The battle between the Stockmanns, and tangentially between Thomas and the editor of a local newspaper (Marc LeVasseur) and the avowed leader of the town’s small businessman and middle class householders (P. Brendan Mulvey), make for heady viewing. At Bristol, one irony is Bergen and Drillinger, though assaying their pivotal roles with authority, are often overshadowed in their performances by Mulvey, LeVasseur, and Keith Baker, as Thomas’s wily father-in-law, Morten Kiil, because of their stronger voices and more classical approach to their characters. Mulvey and Baker especially attract attention — Mulvey for his sincerity as a citizen who wants moderation in everything, Baker for the entertaining manner in which he keeps Kiil an opportunistic fox who enjoys the fray the Stockmanns have fostered.

Mulvey, LeVasseur, Baker, and Shamus Hunter McCarty, as a biased newspaper reporter, give Atkinson’s production clarity and texture. Bergen and Drillinger are the ones charged with keeping all at the forefront of the audience’s minds, and they do a fine job. Drillinger conveys Peter’s ability to know and exploit all of Thomas’s weaknesses and character flaws. Bergen proceeds with the cheer and the energy that makes a crusader and a scientist who is always thinking and working to put his ideas into words and finding them a practical application. His Thomas is upbeat and optimistic even when the most thwarted and disappointed.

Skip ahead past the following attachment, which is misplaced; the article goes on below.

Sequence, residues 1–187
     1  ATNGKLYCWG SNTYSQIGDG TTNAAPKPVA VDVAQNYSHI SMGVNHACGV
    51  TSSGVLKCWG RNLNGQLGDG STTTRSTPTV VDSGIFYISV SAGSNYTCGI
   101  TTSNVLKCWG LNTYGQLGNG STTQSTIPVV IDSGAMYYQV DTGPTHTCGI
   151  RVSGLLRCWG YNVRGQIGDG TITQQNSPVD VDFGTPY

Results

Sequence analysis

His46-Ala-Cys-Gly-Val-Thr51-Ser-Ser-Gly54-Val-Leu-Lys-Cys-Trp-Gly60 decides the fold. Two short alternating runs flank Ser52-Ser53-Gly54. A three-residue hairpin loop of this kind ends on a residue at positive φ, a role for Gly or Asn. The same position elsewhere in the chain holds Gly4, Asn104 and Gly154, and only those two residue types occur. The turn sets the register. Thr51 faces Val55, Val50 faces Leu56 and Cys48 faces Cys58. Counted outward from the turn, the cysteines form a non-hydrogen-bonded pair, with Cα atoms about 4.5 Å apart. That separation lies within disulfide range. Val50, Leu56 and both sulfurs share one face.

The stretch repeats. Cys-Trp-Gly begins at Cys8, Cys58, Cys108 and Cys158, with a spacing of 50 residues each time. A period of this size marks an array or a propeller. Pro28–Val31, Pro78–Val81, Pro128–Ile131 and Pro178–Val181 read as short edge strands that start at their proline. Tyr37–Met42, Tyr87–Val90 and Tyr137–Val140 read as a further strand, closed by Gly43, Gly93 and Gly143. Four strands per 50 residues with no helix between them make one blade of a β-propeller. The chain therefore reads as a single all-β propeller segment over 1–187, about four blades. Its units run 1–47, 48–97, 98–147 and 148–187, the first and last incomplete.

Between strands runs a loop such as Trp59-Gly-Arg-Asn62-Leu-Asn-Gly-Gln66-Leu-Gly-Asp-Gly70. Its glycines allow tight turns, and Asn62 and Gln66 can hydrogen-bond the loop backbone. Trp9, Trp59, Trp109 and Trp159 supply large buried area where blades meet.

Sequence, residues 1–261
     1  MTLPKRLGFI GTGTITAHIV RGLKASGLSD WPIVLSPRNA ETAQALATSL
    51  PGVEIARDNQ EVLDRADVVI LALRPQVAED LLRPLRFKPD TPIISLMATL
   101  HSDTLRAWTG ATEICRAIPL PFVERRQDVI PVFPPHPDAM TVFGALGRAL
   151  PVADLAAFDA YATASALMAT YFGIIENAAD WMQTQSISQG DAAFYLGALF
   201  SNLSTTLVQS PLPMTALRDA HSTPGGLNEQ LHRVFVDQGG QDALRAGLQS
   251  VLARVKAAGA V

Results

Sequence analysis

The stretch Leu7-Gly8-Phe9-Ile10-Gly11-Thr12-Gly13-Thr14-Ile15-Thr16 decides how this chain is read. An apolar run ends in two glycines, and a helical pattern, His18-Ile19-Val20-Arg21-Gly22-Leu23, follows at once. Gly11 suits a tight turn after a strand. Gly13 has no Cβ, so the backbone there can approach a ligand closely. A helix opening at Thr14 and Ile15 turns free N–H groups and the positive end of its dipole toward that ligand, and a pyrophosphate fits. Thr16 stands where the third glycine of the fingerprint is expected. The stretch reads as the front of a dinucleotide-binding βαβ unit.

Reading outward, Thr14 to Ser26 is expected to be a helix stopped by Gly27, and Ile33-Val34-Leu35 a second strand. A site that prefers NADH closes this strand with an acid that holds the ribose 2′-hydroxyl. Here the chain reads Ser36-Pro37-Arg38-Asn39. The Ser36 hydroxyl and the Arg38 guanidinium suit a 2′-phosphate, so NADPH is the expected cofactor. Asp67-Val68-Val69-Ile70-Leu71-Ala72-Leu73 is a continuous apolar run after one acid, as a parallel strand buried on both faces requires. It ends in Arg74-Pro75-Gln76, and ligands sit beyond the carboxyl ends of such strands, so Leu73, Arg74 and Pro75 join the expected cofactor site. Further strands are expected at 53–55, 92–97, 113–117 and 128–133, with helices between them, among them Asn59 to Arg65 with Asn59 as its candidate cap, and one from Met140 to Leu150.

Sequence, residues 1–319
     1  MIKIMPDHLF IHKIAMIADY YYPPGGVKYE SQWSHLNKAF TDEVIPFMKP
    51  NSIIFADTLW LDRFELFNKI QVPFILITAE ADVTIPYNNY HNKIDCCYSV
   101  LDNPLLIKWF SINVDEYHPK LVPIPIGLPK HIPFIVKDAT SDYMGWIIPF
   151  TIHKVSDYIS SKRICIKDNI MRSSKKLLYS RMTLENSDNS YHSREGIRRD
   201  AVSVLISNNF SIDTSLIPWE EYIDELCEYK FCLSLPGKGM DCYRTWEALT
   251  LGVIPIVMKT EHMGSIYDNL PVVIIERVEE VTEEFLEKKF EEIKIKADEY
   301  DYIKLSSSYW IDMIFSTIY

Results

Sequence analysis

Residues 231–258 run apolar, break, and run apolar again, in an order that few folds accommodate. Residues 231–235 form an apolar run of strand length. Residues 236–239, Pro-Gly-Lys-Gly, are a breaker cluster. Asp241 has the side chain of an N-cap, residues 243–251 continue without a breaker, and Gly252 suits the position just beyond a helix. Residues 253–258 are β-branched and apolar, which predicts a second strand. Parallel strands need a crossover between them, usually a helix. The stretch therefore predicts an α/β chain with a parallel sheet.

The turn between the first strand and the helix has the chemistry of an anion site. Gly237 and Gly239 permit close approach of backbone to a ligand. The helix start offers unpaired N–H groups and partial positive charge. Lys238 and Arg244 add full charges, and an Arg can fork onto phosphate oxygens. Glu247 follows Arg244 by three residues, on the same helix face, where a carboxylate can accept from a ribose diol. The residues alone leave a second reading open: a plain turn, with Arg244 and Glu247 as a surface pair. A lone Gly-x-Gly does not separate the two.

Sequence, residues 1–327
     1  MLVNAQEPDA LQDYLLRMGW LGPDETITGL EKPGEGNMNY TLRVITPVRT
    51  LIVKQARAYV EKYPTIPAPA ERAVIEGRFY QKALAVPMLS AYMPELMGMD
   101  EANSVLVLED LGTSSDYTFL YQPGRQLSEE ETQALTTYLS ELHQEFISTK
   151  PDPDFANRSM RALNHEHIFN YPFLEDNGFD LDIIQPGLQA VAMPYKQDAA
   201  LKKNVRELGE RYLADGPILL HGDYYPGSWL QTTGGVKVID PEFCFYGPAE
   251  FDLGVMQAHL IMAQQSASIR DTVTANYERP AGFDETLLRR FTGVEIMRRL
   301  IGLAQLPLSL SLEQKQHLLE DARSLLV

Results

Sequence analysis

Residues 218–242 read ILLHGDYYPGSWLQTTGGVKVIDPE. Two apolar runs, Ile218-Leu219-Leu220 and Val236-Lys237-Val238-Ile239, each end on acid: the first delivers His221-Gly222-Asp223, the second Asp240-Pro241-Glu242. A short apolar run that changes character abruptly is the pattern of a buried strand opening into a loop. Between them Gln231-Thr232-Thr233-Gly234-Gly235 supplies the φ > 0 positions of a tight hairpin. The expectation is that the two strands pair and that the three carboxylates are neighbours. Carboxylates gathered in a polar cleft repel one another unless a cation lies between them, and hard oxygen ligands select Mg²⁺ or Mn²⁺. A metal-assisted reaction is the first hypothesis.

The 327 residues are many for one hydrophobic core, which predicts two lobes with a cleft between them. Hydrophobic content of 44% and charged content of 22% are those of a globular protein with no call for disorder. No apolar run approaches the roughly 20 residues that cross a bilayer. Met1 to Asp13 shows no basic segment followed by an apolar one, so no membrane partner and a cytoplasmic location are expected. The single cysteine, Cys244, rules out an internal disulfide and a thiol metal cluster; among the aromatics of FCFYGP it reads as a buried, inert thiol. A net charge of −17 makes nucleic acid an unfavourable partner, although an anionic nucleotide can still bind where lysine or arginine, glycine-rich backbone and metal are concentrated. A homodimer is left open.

Bergen has a voluminous second-act speech, the content of which comes as a surprise and risks turning all audiences, the town’s and Bristol’s, against Thomas. While Bergen comes on strongly and makes major points towards the end of this diatribe, he does not grab the house at the beginning and needs to concentrate on binding more of a spell.

Ibsen, for all he shows Thomas to be the honorable, moral hero, robs his central figure of ammunition by never having him cite or refer to the university confirmation of his discovery following the time he receives it in the mail. This shows, as does Atkinson’s staging, that Ibsen was more dedicated to exposing the techniques of politics and the hazards lurking in majority rule than he was at arguing the pollution issue at hand.

Sabrina Profitt has a steadying influence as Thomas’s wife, who can be critical and self-interested but is a good moral partner to her husband. Laura Giknis conveys great loyalty as Thomas’s independent daughter, Petra. Nathan Esser impresses as Thomas’s inquisitive son. Mark Collmer is solid as a sea captain who stand by Thomas and his family.

Jason Simm’s open, impressionistic set shows the scope and transparency of Thomas’s acts. Gina Andreoli’s costumes, for primary characters and a community ensemble that gives Atkinson’s production an idea of masses at work, are on the mark. Amy Kaissar co-direct with Atkinson.

An Enemy of the People, Bristol Riverside Theater, 120 Radcliffe Street, Bristol. Through Sunday, May 31, Wednesday and Thursday, 7:30 p.m., Friday and Saturday, 8 p.m., Wednesday and Saturday, 2 p.m., and Sunday, 3 p.m. $36 to $46. 215-785-0100 or www.brtstage.org.